Louis Garneau has done an excellent job of late rounding out their complete product line. What was once just an apparel company has evolved into a full cycling manufacturer with apparel, accessories and complete bikes. After loving the race-friendly Garneau Course helmet last year, this year I’ve been wearing the new Héros RTR helmet — a helmet packed with all kinds of great features including brain-saving MIPS technology.

Louis Garneau Héros Helmet Features:

  • In-Mold construction with 22 vents featuring inside evacuation channels
  • MSB technology reinforces the perimeter for enhanced protection
  • Multidirectional Impact Protection System (MIPS)
  • Spiderlock® 4D fit system
  • Straps feature Tri-Glide PRO adjustment
  • Quick-drying X-Static® XT2TM pads
  • RTR reflective color: Strategically located printed reflective ink
  • Certifications: CPSC-ASTM-CEN
  • Weight: 285g (Medium, actual)
  • MSRP: $229.99
The front and back of the Heros RTR helmet.

The front and back of the Heros RTR helmet.

Safety, breathability and comfort

While helmet safety standards vary across countries and are, honestly, in sore need of improvement (Koroyd agrees) I can say first-hand that MIPS is worth the price of admission because I’ve felt the system work in a real crash and truly believe that I was spared significant injury because of it. So, I’m a MIPS fan, but what about Garneau’s take?

As MIPS came online, some helmet manufacturers simply retrofitted existing molds and designs and inserted the yellow cage liner. This reduced volume and made for odd sizing. Now that MIPS has been around, helmet molds have been engineered from the ground-up to be MIPS-compatible and thus feature normal sizing. The Garneau Héros RTR is one of the latter variety and was built with MIPS in mind. Because of that, the sizing is as expected with the size Medium offering a spot-on fit for my 57cm noggin.

The MIPS liner provides added protection.

The MIPS liner provides added protection.

Something that I immediately noticed was the extra coverage the Héros provides. It sits further down than other helmets, thus providing an immediate feeling of protection and safety. Everyone’s heads are shaped differently, but I find that Garneau’s designs tend to fit my oval head shape perfectly with no need for pad adjustment at all. Just a simple twist of the large, rubberized Spiderlock 4D dial and the head-cradling fit can be felt.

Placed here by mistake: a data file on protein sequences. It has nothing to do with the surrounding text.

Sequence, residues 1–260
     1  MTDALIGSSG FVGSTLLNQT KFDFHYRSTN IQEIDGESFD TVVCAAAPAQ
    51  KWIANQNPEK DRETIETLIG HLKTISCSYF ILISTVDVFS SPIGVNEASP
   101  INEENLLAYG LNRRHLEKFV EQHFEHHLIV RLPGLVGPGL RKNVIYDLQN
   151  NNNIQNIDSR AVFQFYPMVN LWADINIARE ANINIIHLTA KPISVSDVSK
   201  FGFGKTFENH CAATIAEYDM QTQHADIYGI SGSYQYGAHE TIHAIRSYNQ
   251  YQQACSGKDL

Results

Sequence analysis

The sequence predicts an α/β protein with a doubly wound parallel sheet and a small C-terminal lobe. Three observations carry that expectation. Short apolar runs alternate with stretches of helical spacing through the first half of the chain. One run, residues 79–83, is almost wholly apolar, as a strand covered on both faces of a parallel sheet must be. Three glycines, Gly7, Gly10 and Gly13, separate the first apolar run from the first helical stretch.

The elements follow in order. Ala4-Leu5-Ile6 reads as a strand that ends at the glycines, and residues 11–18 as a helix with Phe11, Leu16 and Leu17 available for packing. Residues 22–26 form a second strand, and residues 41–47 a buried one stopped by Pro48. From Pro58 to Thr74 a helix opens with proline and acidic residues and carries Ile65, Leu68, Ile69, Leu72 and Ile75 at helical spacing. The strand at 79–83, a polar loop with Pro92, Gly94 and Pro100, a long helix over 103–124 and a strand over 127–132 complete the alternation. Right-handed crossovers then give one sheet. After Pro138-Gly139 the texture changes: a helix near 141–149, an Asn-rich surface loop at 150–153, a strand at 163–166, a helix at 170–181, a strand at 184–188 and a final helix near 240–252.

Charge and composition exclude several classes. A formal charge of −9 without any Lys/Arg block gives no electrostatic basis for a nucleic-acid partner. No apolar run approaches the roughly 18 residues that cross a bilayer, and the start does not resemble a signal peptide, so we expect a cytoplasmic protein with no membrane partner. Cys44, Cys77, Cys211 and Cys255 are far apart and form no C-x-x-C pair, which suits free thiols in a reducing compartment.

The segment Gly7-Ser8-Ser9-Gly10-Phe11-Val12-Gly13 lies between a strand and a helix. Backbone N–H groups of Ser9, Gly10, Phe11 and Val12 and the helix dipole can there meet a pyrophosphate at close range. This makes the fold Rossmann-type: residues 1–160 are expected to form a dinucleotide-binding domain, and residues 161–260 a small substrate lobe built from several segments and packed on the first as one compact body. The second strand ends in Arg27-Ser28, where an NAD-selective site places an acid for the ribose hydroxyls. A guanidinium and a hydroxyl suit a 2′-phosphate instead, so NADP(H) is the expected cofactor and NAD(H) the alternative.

I shave my head bald, but go about a week between shaving. Around day 2, my head is at maximum prickly and had a tendency to push the padding out of place. If you’re a head shaver, like myself, just keep that in mind as you take the helmet on/off.

This helmet is solidly-built with no exposed foam anywhere that matters. All exposed edges are covered with a fused hard-shell so this helmet will remain new-looking for it’s entire usable life.

Stay cool, stay safe and look good in the Héros RTR.

Stay cool, stay safe and look good in the Héros RTR.

With MIPS, helmets do tend to have more outward strap mounting points, which keep the straps from interfering with the performance of the inner liner. As such, sunglasses with straight temples can be difficult to wear outward of the straps. The best-fitting sunglasses with this helmet have been the Rudy Project Tralyx because they feature an outward bend just where the forward strap passes by.

With 22 vents, the Héros provides excellent ventilation — even on hot days. And, while this helmet isn’t specifically-built with aerodynamics in mind, it has a similar shape to the Garneau Course helmet, which does have aero benefits, so I’m guessing it is still slippery. For added safety, the white color is extra-visible with large reflective elements in the rear. Considering that the RTR Collection is all about visibility, I’m a little surprised that the second color is black instead of a fluorescent color (Edit: It looks like more colors are available at CompetitiveCyclist.com than are shown on Garneau’s site, like fluorescent yellow, for example).

As far as looks go, the Héros may not be the most svelte design, but I think it looks great. And, considering the protection it provides, I’m OK with the size — because head protection should never be a race to the bottom.

The Good

  • Built with MIPS from the start
  • Excellent, head-cradling fit
  • Breathes well
  • Comfortable, thin straps
  • Spider lock 4D dial is large and easily-adjusted
  • Superb quality construction
  • Extra, all-around coverage
  • Remains relatively quiet at high speeds

The Bad

  • Inner pads can get pushed out of place
  • Some might consider it bulky-looking
  • It can be difficult to find a spot to store sunglasses

The Bottom Line: Garneau Héros RTR Helmet

The first time I put on the Héros RTR Helmet, it just felt sturdy and solid without. The extra coverage, quality construction and MIPS liner all work in concert to deliver one of the safest-feeling helmets I’ve tested. And, its reasonably-light and sensibly-priced to boot.

Buy Now: Available at CompetitiveCyclist.com

In Summary

8.7 Superb Protection

The superb protection afforded by the Louis Garneau Héros RTR helmet inspires confidence. Put this helmet on and your noggin is instantly-cradled in top-notch protection. It fits well and breathes well and MIPS offers a hefty dose of added brain protection.

  • Aerodynamics 8
  • Comfort 9
  • Protection 10
  • Breathability 8
  • Style 8
  • Value 9

About Author

A Seattle native, Jason developed a love for the outdoors and a thing for mountains. That infatuation continues as he founded this site in 1999 --sharing his love of road biking, mountain biking, trail running and skiing. That passion is channeled into every article or gear review he writes. Utah's Wasatch Mountains are his playground.

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